Carnegie UK Trust have created a step-by-step guide to ensuring your board understands what it needs to do in relation to the independence referendum
With less than two months to go, how far are charities preparing for possible constitutional change? At recent Carnegie UK Trust seminars, run in partnership with the Association of Chief Officers of Scottish Voluntary Organisations, some charities said they had taken the issue to the board room. In the hope of helping others, Carnegie has developed a ten step guide.
1) Read the guidance
Many of us don’t have experience of working on referendums and the guidance from the Electoral Commission and OSCR should be our first point of reference.
2) Ask for support
Intermediary bodies can provide resources for guidance and support, partner small charities with larger charities to ensure that they are kept informed and organise events on common themes, concerns, or by groups of beneficiaries.
3) Engage your trustees
Trustees should debate what potential constitutional change could mean for the organisation before taking action. Would putting the referendum on your risk register help to focus the minds of trustees as an issue to take account of?
4) Think through whether your structures are fit for purpose
The referendum is an opportunity for charities to make changes to brand, identity and strategy and to test new ways of working which may prove more effective in meeting beneficiaries’ needs.
5) Think about your funding model
Concerned about the impact of constitutional change on your funding? Ask your funders to confirm their area of benefit and whether they think their approach might change.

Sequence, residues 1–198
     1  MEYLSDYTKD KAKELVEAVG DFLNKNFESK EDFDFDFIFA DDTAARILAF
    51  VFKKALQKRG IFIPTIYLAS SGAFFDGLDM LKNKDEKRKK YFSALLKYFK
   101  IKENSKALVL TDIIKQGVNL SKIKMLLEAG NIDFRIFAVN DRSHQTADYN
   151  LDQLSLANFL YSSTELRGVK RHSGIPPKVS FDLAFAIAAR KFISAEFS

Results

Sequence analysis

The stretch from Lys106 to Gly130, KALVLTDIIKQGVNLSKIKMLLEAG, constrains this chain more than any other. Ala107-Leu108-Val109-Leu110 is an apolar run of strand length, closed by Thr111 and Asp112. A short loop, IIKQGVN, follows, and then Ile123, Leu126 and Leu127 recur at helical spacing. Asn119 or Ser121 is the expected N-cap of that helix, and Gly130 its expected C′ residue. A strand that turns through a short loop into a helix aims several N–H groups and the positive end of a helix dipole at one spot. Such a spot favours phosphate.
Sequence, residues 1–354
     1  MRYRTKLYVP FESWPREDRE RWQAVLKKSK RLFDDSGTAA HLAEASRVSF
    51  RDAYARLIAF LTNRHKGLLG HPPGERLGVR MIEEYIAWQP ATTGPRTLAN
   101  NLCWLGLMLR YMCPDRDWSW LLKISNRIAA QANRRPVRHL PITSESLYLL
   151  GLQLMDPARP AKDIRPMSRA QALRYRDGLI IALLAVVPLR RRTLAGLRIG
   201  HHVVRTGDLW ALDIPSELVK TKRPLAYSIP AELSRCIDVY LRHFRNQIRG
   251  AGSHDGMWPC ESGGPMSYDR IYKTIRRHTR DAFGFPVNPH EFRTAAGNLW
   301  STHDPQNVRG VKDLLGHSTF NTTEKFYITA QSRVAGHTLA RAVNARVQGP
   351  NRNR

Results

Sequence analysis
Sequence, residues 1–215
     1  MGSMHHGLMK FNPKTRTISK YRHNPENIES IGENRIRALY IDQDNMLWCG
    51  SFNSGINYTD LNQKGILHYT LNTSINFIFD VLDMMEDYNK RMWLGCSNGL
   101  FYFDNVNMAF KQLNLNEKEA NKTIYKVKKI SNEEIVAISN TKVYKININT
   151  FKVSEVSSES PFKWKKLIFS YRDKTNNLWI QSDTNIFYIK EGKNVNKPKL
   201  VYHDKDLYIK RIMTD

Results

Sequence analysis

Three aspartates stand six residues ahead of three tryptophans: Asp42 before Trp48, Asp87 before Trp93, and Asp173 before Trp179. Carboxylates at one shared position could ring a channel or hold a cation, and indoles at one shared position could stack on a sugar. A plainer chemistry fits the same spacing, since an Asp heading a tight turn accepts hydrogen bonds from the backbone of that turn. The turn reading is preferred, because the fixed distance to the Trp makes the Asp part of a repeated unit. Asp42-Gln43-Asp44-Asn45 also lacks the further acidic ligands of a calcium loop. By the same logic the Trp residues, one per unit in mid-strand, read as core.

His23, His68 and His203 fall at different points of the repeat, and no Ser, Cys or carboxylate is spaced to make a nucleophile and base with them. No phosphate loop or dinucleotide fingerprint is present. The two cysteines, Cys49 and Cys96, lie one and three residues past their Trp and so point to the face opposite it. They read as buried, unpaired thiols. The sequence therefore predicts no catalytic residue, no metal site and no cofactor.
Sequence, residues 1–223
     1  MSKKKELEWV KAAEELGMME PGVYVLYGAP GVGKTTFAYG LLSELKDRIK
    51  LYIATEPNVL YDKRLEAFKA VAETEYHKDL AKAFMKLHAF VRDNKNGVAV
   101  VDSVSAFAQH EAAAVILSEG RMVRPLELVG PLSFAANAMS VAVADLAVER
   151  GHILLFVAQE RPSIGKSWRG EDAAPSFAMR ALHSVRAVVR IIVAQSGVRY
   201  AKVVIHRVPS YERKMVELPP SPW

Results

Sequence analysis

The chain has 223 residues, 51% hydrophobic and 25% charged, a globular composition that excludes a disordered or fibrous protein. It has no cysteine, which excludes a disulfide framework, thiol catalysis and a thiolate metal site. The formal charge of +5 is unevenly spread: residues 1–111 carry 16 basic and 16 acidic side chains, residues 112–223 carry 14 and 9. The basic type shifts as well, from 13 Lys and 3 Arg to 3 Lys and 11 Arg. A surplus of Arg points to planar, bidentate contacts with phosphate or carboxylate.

6) Speak to your staff and volunteers
Give staff and volunteers the opportunity to air any concerns about the organisation’s approach to the referendum. Even a simple statement of neutrality minimises the risk of staff and volunteers discussing the referendum without knowing the charity’s position.
7) Focus on your beneficiaries
The referendum is an opportunity to improve the citizenship of your beneficiaries and to get service users’ views into the mainstream debate.
8) Brief colleagues in the rest of the UK
The impact of constitutional change does not stop at the border; it may also be felt by organisations based in England, Wales and Northern Ireland. So, involve UK counterparts in planning for potential constitutional change.
9) There is no correct response but there is an opportunity
There is an opportunity to ask both campaigns about their vision for the future of Scotland’s third sector while maintaining a neutral, policy-focused position.
10) Review post-September 2014 and report back to the board
Trustees should set aside time after the vote to explore whether the outcome has any direct effect on their activities or governance.
Overall, it is important to note that even in the event of a no vote, the political landscape will shift with different priorities in the run up to the Westminster and Scottish Parliament elections. While navigating the political landscape, trustees have a duty to keep their charity’s objectives and beneficiaries at their core.